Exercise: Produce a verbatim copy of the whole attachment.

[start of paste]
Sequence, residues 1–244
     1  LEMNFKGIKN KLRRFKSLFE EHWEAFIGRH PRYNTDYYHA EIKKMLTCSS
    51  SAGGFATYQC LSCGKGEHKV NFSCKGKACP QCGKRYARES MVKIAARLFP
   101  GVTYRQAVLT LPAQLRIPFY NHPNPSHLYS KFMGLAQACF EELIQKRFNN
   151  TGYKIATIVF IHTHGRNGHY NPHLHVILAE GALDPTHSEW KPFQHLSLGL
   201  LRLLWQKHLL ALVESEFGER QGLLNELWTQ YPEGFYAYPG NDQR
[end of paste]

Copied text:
Sequence, residues 1–244
     1  LEMNFKGIKN KLRRFKSLFE EHWEAFIGRH PRYNTDYYHA EIKKMLTCSS
    51  SAGGFATYQC LSCGKGEHKV NFSCKGKACP QCGKRYARES MVKIAARLFP
   101  GVTYRQAVLT LPAQLRIPFY NHPNPSHLYS KFMGLAQACF EELIQKRFNN
   151  TGYKIATIVF IHTHGRNGHY NPHLHVILAE GALDPTHSEW KPFQHLSLGL
   201  LRLLWQKHLL ALVESEFGER QGLLNELWTQ YPEGFYAYPG NDQR